I admit it. I’m a weirdsmobile. I am one of the few people I know that is more comfortable presenting to 200 people than having a one-on-one meeting. In over 25 years as a former broadcaster, hobby performing musician and AEC business development and marketing professional, I can tell you that the experience that most intimidated me – quavering voice, flop sweating, the works – was going back to my high school to talk to five students about careers.
I wasn’t always this way. I was a shy kid who got picked on a fair bit, making me wary of others, suspicious of my own worth, and committed to keeping my head down and keeping my own company. The thing that made the difference for me, and can for everyone, was understanding and developing a professional persona.
The dictionary defines “persona” as the aspect of someone’s character that is presented to or perceived by others”. In other words, I get to decide which parts of myself to show to others in which settings. Most people in business have developed a professional persona because we recognize that parts of us are office-appropriate, and parts are NSFW (not suitable for workplace). Entertainers use them as well, for example Beyonce’s alter ego, “Sasha Fierce”. In my view, the value of a persona is that I can send a version of me into a situation that is curated for that circumstance. It gives me a means to move past my insecurities about being liked and move forward into an otherwise intimidating situation.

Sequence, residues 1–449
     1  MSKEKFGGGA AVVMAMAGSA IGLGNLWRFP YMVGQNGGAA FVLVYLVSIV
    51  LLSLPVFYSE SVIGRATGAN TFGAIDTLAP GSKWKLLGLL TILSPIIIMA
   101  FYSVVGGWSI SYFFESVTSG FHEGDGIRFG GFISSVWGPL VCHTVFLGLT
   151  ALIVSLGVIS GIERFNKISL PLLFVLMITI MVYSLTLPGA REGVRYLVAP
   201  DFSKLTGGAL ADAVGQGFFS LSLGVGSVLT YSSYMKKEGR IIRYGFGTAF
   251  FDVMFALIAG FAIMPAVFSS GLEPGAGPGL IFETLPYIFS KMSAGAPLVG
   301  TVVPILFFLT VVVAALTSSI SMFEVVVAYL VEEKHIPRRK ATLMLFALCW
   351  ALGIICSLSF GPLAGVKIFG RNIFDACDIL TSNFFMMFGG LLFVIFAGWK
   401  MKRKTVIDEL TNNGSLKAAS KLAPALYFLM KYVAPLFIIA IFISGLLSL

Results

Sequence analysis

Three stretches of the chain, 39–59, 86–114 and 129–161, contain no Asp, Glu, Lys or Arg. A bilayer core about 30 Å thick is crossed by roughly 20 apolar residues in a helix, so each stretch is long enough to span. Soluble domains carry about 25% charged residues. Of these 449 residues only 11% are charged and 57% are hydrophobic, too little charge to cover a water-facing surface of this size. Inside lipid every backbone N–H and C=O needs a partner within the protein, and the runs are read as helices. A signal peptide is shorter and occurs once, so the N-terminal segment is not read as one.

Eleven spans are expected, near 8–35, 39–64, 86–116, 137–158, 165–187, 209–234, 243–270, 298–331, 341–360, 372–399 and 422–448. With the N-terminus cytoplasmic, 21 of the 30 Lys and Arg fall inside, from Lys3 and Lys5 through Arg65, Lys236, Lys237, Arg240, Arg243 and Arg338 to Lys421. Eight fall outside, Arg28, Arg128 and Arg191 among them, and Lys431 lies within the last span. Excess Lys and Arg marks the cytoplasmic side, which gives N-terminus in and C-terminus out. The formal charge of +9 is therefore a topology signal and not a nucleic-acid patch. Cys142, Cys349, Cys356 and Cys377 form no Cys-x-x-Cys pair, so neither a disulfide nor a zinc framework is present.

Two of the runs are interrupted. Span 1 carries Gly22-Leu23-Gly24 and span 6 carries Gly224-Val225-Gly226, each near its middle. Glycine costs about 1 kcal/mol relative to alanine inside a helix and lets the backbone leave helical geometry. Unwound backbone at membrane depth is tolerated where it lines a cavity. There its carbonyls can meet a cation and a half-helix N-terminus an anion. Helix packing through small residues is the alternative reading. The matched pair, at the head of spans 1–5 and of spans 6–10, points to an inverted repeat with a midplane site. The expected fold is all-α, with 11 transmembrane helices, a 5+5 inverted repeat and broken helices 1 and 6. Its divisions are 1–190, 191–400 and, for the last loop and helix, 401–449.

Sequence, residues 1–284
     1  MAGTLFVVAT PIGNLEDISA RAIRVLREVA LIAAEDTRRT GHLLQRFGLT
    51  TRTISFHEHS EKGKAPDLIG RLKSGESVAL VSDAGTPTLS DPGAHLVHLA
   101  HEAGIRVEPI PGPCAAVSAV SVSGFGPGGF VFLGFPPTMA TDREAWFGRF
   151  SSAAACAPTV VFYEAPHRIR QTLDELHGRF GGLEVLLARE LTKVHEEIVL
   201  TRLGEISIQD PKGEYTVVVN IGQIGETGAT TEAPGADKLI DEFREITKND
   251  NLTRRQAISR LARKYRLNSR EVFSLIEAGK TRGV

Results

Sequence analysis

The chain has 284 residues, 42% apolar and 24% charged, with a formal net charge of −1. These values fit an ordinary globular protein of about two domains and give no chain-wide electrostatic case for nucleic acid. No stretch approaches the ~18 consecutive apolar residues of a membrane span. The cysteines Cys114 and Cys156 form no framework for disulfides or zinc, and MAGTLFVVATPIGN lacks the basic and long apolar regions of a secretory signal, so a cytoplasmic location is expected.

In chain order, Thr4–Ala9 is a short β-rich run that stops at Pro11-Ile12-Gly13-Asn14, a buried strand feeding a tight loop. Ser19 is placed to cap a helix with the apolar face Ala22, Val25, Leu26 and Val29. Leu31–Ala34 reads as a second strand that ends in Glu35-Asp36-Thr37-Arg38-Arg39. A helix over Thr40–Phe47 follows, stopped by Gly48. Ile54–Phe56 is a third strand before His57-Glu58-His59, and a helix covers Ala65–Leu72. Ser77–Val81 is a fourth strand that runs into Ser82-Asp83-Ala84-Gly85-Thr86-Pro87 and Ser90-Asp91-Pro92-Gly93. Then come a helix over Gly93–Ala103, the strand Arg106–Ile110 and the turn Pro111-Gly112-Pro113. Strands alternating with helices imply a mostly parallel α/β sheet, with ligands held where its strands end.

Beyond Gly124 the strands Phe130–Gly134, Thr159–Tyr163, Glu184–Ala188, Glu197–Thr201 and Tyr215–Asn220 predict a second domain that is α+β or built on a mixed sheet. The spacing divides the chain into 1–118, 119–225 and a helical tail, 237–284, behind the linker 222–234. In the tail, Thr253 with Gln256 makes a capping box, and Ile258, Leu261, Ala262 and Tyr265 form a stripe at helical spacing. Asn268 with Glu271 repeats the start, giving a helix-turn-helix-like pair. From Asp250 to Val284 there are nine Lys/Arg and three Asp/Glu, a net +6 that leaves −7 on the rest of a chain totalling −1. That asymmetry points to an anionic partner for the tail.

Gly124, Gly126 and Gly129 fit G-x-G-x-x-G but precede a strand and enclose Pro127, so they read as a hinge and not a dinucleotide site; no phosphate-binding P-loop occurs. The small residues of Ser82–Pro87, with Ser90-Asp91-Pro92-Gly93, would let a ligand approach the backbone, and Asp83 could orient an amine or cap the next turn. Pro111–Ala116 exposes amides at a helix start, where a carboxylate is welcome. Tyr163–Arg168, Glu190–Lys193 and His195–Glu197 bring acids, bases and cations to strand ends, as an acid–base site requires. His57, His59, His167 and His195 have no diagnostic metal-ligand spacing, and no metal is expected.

If you are someone who struggles with presenting, a persona can be your ally. Remember, in an initial meeting, whether a project presentation or a performance, the person/people seeing you for a short period of time don’t get to know the real you. They get to see the persona you are presenting to them, and that’s something you can control.